the difference between famed and famous

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trymybest

New Member
Vietnamese
hi there,
can you tell me the difference between ''famed'' and ''famous'?
thanks all in advanced !
 
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  • e2efour

    Senior Member
    UK English
    I would say the main difference is that famed has to be used with a preposition (famed for).

    "He is famous." You cannot say "he is famed".
    "A famous person". You cannot say "a famed person".

    Otherwise the meaning is very similar, if not the same.
    "Sydney is famous/famed for its opera house".

    In "Wyatt Earp was famed/famous for his lightning draw" I see no difference.
    But famed can also express notoriousness (i.e. describing someone in a negative light).
    "He was famed for his inability to control his temper." Here I think famous would have a wider meaning, e.g. throughout the town or county, or even country.

    I'm sure others may have a different opinion.
     

    e2efour

    Senior Member
    UK English
    I said earlier that you cannot use famed before a noun. However, this does not appear to be true, as there are several examples (although in the minority) in the British National Corpus.
    It seems that famed is used by more and more people in the same way that they use famous.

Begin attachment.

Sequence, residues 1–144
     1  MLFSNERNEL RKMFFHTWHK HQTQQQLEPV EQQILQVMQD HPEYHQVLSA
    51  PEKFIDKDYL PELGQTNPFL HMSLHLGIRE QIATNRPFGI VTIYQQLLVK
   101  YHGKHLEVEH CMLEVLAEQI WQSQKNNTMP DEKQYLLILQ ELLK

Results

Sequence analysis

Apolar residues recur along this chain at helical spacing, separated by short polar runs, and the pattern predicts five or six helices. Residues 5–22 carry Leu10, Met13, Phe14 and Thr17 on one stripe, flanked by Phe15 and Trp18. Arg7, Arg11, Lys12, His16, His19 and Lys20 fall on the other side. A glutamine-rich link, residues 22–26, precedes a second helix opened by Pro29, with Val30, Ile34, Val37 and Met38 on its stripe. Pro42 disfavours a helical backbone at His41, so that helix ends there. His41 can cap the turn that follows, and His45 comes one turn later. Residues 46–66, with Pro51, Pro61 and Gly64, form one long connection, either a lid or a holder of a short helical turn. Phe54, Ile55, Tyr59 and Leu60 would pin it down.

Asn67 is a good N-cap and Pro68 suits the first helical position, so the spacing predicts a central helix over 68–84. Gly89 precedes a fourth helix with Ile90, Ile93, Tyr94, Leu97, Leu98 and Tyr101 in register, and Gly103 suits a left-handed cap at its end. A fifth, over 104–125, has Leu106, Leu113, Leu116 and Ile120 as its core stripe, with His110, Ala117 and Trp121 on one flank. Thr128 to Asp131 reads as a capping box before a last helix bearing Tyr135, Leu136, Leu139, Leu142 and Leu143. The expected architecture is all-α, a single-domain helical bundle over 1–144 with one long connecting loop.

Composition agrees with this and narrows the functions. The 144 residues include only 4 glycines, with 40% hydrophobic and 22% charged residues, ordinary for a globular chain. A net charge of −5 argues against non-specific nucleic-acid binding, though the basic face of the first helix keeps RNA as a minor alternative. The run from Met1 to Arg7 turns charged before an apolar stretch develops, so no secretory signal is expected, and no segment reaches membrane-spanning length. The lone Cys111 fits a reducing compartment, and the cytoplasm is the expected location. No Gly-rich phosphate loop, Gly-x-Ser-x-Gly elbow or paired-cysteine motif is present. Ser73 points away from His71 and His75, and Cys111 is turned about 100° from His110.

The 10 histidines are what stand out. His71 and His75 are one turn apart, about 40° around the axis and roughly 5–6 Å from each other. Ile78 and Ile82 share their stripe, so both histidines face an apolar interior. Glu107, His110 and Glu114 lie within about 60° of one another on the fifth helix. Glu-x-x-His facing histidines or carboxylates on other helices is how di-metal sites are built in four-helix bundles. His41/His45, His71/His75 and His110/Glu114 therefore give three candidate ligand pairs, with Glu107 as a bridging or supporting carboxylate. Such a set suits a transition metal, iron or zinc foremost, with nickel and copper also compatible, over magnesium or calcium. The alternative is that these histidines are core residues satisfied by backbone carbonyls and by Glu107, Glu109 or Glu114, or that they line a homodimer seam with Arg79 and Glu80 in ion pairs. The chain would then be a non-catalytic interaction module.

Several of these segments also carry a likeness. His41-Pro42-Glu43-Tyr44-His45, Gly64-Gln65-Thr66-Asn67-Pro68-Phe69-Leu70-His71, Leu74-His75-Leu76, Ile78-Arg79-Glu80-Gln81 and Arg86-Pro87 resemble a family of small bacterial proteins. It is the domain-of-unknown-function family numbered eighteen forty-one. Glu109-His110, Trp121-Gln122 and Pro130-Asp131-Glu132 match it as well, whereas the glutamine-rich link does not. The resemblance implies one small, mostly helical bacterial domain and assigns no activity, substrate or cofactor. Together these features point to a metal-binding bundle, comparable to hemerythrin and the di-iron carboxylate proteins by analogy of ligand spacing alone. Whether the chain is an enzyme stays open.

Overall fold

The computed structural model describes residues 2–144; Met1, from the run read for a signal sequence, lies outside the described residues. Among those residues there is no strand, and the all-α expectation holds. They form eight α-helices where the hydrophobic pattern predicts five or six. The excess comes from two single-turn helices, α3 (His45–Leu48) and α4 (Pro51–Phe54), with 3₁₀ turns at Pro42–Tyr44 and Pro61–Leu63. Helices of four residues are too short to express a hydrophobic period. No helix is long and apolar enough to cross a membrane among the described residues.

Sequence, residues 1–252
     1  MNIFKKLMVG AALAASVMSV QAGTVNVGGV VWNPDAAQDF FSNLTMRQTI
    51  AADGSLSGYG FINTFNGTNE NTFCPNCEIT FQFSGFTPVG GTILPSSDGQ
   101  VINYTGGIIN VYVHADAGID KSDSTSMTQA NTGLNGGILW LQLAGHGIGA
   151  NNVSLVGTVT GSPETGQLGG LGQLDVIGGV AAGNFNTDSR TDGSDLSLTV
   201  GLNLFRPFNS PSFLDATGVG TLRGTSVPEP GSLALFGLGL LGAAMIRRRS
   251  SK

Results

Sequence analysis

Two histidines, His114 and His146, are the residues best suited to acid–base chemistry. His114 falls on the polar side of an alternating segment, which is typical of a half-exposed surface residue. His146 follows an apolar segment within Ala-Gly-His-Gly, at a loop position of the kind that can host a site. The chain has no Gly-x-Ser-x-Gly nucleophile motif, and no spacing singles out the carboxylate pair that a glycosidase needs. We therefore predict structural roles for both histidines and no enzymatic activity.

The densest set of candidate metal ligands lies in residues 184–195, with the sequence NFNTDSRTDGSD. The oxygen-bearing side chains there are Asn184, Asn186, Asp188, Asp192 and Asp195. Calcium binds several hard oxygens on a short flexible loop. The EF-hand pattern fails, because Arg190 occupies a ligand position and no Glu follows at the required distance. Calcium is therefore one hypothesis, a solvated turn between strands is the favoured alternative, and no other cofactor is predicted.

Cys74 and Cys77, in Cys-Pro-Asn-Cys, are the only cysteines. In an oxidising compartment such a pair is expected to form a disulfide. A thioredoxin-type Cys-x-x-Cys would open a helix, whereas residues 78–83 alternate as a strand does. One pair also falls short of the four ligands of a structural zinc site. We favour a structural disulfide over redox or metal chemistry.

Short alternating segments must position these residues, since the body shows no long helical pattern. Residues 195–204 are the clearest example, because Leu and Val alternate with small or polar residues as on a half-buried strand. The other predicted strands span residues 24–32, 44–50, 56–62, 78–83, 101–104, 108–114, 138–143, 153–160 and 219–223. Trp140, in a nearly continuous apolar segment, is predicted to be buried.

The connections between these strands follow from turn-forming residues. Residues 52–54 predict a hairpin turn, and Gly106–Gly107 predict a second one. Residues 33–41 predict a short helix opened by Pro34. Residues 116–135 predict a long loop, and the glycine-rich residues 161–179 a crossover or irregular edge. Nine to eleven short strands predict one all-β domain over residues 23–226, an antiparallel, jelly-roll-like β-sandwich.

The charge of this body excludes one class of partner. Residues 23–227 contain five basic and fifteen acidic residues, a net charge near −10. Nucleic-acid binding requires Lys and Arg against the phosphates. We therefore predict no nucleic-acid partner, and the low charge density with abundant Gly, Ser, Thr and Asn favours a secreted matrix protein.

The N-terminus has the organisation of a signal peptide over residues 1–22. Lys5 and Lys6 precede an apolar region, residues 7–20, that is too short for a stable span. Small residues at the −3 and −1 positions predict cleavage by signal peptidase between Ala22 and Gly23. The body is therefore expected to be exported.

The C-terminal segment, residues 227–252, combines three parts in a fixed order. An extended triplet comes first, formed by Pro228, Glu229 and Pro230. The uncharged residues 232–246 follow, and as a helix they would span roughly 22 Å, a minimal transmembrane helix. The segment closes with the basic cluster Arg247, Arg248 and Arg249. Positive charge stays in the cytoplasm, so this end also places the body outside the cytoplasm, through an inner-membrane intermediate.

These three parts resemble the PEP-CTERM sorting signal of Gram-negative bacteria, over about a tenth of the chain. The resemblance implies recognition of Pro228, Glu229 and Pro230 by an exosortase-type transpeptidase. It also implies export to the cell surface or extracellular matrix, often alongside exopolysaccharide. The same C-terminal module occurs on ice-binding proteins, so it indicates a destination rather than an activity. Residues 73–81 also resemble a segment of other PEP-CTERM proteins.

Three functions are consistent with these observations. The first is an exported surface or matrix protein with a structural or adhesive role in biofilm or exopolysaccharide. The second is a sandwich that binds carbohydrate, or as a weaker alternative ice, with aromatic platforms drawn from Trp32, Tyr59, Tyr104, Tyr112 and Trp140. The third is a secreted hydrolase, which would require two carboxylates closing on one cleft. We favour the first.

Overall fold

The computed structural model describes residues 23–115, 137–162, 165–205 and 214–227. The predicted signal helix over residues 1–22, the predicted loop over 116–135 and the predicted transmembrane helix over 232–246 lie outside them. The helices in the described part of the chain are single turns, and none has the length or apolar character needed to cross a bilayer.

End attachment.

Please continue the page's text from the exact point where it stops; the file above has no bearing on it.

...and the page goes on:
Merriam-Webster's Concise Dictionary of English Usage gives one example of famed before a noun:
    "One location was the famed Media Lab at the Massachusettws institute of Technology".

    Does anyone else have a comment on famed versus famous?
     

    gouged

    Senior Member
    español
    Hola,

    Estoy haciendo unos ejercicios de rellenar espacios. En la solución al final del libro pone:

    "Her beauty was famed all over the country; everybody had heard about her.


    Mi pregunta es:

    ¿Se podria utilizar "famous" en lugar de "famed"?


    Gracias
     

    e2efour

    Senior Member
    UK English
    "Famed" can indeed be used before a noun. For example, here are various instances of established media outlets using the phrase "famed attorney":

    Google News link
    As I said, the use of "famed" before a noun is uncommon in the British corpus(and in COCA) compared with "famous". I'm not certain of the difference (if the usage is acceptable), but "famed" seems to mean celebrated (i.e. a celebrity) rather than famous (well-known).
     
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